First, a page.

Objective: Doctors have a varying effect on patients' physical health. This means that there are doctors that are more effective than others. Even though the doctor is a part of very many medical interactions, it is not known in which way exceptionally good doctors differ from their peers. After authoring two systematic and one methodological review on identifying exceptional doctors, the authors in this qualitative interview-based study take a bottom-up, inductive approach to answer the question of what makes an exceptionally good doctor.
Methods: About 10-15 semi-structured interviews of medical doctors of any specialty who speak English will be conducted. Recruitment will be through the authors' network and their referrals. Questions will be whether they have an opinion on what makes an exceptionally good doctor, whether they have met such a person and how did this doctor differ from other doctors. The interviews will be done by a 62-year old PhD student who is not a clinician but has extensive experience in having personal conversations as a financial adviser. This could be helpful as the interviewer is only aware that there are exceptionally good doctors but has no notion how exceptionally good doctors differ from their colleagues.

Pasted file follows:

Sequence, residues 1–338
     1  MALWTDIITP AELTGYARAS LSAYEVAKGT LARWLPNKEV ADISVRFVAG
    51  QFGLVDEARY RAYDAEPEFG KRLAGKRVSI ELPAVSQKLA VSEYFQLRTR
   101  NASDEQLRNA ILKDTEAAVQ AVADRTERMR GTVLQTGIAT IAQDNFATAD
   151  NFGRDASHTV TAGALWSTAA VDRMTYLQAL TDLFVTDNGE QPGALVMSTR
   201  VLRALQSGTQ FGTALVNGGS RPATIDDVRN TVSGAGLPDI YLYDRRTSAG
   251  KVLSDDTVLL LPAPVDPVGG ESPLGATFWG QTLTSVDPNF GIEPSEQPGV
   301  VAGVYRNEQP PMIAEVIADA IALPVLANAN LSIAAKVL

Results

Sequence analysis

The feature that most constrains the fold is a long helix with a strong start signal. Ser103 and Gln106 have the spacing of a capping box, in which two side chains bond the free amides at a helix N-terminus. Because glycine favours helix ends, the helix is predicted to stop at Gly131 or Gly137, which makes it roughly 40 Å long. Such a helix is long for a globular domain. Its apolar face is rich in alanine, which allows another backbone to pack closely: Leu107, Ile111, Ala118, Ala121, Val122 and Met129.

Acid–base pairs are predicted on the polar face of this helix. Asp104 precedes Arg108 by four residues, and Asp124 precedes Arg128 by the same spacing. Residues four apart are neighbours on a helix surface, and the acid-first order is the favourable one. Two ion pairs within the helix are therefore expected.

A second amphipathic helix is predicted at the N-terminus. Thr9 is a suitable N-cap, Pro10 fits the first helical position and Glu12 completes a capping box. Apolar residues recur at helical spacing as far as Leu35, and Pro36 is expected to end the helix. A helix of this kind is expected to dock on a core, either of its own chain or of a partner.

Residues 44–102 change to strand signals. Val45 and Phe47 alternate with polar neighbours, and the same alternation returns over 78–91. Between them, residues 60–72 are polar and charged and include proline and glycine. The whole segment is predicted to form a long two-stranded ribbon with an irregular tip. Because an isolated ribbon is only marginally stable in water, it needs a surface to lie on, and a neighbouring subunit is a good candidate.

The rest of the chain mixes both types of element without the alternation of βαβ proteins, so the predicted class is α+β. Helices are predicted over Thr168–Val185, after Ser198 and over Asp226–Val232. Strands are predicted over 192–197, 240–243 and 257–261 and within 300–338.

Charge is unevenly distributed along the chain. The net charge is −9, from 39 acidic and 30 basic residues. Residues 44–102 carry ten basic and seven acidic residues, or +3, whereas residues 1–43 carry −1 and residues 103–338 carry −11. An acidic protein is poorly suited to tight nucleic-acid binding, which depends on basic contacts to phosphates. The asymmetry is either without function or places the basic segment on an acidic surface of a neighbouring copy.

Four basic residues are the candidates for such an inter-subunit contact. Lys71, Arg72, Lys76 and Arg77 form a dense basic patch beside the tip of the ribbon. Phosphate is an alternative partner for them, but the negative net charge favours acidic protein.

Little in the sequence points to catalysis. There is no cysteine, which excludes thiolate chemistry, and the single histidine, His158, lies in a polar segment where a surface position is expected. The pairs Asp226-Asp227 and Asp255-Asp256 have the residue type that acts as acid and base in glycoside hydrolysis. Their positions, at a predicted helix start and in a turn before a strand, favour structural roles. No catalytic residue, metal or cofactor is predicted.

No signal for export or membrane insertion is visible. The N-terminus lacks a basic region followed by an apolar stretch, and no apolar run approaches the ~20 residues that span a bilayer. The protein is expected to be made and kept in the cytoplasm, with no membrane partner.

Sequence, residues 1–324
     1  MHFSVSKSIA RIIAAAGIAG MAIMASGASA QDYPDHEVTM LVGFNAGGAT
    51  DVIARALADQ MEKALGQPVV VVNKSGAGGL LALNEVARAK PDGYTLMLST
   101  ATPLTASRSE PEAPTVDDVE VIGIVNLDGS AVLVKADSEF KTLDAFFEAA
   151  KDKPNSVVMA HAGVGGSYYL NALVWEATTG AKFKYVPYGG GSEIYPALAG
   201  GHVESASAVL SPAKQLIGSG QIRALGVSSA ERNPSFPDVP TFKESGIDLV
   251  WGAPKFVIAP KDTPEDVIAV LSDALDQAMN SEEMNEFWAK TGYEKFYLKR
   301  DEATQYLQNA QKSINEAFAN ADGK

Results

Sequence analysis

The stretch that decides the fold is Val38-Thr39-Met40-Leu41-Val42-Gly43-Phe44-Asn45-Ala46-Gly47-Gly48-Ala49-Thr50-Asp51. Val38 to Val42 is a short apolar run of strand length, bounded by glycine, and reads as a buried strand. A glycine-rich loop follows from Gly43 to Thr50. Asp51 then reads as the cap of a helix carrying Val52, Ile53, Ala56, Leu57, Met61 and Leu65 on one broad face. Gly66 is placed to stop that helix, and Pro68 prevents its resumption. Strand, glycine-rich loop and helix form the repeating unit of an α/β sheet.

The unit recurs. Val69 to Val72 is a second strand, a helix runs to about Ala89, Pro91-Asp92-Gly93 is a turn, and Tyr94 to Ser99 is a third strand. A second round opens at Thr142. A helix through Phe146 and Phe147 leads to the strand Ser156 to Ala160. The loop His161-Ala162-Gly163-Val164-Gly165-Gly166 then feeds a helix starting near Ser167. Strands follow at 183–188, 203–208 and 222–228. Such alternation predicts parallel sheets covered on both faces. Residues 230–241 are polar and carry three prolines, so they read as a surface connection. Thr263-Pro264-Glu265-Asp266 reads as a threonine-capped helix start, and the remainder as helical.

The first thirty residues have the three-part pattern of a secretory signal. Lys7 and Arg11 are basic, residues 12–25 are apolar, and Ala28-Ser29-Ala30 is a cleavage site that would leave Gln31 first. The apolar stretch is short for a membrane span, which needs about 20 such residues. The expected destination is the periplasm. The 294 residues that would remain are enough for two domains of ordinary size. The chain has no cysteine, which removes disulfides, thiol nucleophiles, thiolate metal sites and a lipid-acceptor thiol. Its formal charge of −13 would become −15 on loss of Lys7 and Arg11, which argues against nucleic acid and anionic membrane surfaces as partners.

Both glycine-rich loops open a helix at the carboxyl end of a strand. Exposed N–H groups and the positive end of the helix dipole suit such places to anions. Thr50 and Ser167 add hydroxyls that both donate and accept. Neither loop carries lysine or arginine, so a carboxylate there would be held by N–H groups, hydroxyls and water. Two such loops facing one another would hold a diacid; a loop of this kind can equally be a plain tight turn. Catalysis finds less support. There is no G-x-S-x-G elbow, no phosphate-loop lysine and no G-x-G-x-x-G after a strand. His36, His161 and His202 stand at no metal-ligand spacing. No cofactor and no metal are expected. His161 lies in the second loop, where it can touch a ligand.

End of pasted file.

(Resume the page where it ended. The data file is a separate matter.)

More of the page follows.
Analysis: A six-phase thematic analysis in an experiential framework as per Braun and Clarke will be implemented with the aim to find out what the doctors think and have experienced. This is an inductive approach using a realist epistemological position under the assumption that it is possible to acquire truthful knowledge on what makes exceptionally good doctors.
Discussion: Previous qualitative research on exceptionally good doctors consisted of interviewing author-selected exceptionally good doctors. This study takes a step back from this approach by asking the peers of exceptionally good doctors how they define being exceptionally good and how they experience such doctors.